History of Minnesota's Second State Capitol (1883 - 1938)

Minnesota Then

View of St. Paul showing second Capitol building.Photo byMNHS

ST. PAUL, MN - The March 1, 1881 fire of Minnesota’s first state capitol left the structure in ruin and necessitated a new building to take its place. A second capitol, designed by architect Leroy S. Buffington - the self-proclaimed inventor of the modern skyscraper, opened for legislative business in 1883. However, it was not held in the same high regard as its predecessor, and within a decade calls had begun to replace the state’s second seat of government.

Initially Governor John S. Pillsbury appropriated $75,000 to rebuild the first capitol, integrating the standing walls of the former structure into the construction of the state’s next seat of government. It was soon determined that the old walls were unsafe and had to come down. A new foundation was laid at the same location the first capitol once stood in the summer of 1881. In November an additional allocation of $100,000 to build the new capitol was approved by the legislature.

After a harsh winter in which little work was done, Pillsbury’s replacement, Governor Lucius F. Hubbard, learned the project was underfunded by an additional $61,000. The initial estimate was made at a time when labor and materials were less expensive, and the architect had planned to cut some features later considered important – including fire-proofing and the building’s centerpiece tower. The private citizens of St. Paul, without stipulations, donated $40,000 to help close the funding gap.

Additional monies were approved during the 1883 legislative session, bringing the total cost of constructing the state’s second capitol building to nearly $360,000.

On January 4, 1883, legislators met in the yet-unfinished second capitol of Minnesota, a multi-story, red brick structure with sandstone molding. It was built in the shape of a Greek cross with a central dome that reached two hundred feet into the air. The Senate and House chambers, as well as the Supreme Court, were located on the upper floors.

Fire safety was a key component of the building's construction. Concrete and ash slabs covered the walls and floors. Concrete tiles covered the hallways to prevent potential fires from spreading. There were iron stairways leading from the rotunda to the second floor. The boiler was housed in a nearby separate building. Heat was pushed from there through tunnels to radiators located throughout the Capitol.

There were major issues from the outset, none bigger than space itself and the way it was ventilated.

Minnesota’s quickly growing state government soon expanded beyond the capacity of Capitol. The building’s lack of suitable space inhibited the political process. There weren’t enough meeting rooms, and legislators soon began holding official meetings in nearby hotel rooms. Furthermore, stored documents soon packed the building’s every nook-and-cranny. The cramped space took on an ever-increasing musty odor.

Ventilation issues were exacerbated by a system considered state-of-the-art at the time. Four large air shafts moved air from the basement to the roof. The mechanism contributed to the poor air conditions found inside the building. In fact, they were so bad that (albeit years later) the secretary of the state board of health deemed it unsafe for human beings.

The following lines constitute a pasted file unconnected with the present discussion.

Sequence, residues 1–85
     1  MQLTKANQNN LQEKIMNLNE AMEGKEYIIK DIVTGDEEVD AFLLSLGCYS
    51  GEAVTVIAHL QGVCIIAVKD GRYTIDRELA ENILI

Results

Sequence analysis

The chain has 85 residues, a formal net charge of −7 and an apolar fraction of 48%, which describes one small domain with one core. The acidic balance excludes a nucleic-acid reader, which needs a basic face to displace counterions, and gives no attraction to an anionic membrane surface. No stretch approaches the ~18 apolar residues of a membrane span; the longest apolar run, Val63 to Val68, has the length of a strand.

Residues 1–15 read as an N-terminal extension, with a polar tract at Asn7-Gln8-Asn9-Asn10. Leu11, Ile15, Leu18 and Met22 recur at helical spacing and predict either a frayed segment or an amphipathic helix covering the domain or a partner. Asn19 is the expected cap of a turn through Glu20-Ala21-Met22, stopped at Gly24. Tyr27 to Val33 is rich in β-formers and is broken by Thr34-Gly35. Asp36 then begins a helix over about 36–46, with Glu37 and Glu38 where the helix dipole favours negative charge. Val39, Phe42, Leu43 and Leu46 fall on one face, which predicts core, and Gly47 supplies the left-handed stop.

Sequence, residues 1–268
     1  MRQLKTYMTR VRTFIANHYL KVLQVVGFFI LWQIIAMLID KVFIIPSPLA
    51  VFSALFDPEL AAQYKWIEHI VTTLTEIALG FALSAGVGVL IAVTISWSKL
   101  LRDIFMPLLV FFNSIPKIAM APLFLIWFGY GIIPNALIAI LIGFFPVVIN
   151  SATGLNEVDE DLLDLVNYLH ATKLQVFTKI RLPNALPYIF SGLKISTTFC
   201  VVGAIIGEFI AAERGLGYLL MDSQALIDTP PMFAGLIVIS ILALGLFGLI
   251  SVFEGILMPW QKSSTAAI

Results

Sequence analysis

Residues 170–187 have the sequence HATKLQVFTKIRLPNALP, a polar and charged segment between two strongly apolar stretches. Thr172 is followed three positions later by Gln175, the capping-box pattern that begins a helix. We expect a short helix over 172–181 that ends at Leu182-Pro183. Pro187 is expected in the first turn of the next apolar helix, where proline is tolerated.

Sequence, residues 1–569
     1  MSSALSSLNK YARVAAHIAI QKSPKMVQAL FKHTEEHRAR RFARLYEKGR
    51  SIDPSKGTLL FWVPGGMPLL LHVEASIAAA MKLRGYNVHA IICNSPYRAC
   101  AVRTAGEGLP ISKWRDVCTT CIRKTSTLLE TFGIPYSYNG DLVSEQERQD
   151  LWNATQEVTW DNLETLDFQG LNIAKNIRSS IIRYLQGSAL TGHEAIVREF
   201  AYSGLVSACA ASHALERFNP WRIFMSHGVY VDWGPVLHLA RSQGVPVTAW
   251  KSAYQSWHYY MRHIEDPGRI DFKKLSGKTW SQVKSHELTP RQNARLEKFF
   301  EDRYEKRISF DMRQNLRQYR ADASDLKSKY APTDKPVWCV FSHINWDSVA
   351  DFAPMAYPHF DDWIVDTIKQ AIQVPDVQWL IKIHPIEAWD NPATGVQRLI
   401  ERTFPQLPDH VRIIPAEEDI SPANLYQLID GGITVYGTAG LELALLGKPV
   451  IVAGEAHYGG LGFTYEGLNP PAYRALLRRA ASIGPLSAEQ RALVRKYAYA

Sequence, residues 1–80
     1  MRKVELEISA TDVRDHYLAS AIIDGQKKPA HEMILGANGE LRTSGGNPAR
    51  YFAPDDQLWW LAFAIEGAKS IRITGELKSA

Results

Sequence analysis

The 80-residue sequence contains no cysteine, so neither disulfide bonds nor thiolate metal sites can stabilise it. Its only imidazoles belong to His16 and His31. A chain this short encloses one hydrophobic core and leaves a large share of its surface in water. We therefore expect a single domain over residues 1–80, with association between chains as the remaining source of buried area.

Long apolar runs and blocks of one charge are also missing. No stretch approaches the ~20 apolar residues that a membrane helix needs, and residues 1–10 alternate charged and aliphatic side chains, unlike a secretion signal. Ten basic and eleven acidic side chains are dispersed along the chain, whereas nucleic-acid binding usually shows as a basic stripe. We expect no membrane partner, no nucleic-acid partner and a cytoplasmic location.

The capitol was Buffington’s last major commission in St. Paul.

By 1893, the building’s small size – and noxious odor – had become too much to overcome. Only a decade after the second capitol building took on its role as the state’s seat of government, conversations had begun in earnest to build a new capitol – a grand structure more indicative of the growing greatness of Minnesota.

The new capitol, Minnesota’s third, opened in time for the 1905 legislative session. Legislators and state staff quickly moved their offices up the hill and into the “People’s House.”

Interestingly, this did not spell the end for the (now) old capitol. It housed a number of state offices for many years. The construction of a new State Office Building near the third capitol in the 1930s spelled its end.

The state’s second capitol, opened in 1883, was unceremoniously razed in 1938. The land on which the building and its predecessor stood for nearly ninety years (at least initially) became part of an expanded parking lot.


  • Cameron, Linda A. "Minnesota's Second State Capitol." MNopedia | Minnesota Encyclopedia. Last modified August 9, 2017. https://www.mnopedia.org/structure/minnesotas-second-state-capitol.
  • El-Hai, Jack. Lost Minnesota: Stories of Vanished Places. Minneapolis: University of Minnesota Press, 2000.
  • Keefe, Jack. "Old State Capitol Now is Regarded as Eyesore." Minneapolis Star Tribune, October 14, 1937, 19.
  • The Minneapolis Journal. "Will Raze Old Capitol." June 24, 1938, 29.
  • The Saint Paul Globe. "New Capitol is Aglow with Light." January 3, 1905, 9.
  • St. Paul Daily Globe. "Annual Message of Gov. Lucius F. Hubbard." January 5, 1883, 2.

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The author is an experienced historian and researcher with a passion for uncovering untold stories of the past, particularly in Minnesota. Their deep knowledge and enthusiasm make them a valuable contributor to the Minnesota Then history project.

Hugo, MN

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